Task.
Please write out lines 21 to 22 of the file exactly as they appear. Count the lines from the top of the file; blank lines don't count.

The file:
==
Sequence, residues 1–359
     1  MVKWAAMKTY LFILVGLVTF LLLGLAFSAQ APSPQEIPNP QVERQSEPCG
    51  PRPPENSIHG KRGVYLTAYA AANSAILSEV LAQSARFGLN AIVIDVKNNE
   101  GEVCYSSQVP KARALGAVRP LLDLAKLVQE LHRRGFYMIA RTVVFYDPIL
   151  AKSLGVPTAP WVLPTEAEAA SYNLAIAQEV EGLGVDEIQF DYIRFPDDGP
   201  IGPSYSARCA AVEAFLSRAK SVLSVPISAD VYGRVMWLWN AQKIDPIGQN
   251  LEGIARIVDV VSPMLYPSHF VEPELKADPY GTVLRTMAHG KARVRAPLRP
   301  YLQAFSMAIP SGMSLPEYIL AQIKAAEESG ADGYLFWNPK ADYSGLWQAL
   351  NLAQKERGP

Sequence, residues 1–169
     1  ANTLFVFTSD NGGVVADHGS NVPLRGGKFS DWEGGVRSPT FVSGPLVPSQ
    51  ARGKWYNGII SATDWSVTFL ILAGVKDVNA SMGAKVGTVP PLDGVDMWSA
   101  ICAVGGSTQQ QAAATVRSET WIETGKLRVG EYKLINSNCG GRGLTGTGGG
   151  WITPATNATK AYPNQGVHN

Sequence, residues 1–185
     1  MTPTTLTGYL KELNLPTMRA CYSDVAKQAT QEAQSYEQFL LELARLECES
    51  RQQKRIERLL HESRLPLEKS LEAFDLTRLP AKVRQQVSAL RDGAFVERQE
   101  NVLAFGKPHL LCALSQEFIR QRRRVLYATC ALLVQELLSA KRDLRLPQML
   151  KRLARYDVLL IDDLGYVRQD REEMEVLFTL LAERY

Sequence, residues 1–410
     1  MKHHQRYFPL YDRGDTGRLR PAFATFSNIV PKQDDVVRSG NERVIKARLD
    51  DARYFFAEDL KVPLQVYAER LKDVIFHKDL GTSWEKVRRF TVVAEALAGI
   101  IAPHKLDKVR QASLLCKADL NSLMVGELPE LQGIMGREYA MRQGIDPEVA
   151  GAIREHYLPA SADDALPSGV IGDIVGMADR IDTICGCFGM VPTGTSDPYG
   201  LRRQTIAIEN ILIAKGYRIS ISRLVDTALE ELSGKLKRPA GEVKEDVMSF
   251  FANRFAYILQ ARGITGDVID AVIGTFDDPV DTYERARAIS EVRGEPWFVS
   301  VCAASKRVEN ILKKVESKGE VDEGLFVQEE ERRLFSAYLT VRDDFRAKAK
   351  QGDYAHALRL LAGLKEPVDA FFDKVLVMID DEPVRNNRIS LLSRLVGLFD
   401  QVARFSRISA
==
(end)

     1  MKHHQRYFPL YDRGDTGRLR PAFATFSNIV PKQDDVVRSG NERVIKARLD
    51  DARYFFAEDL KVPLQVYAER LKDVIFHKDL GTSWEKVRRF TVVAEALAGI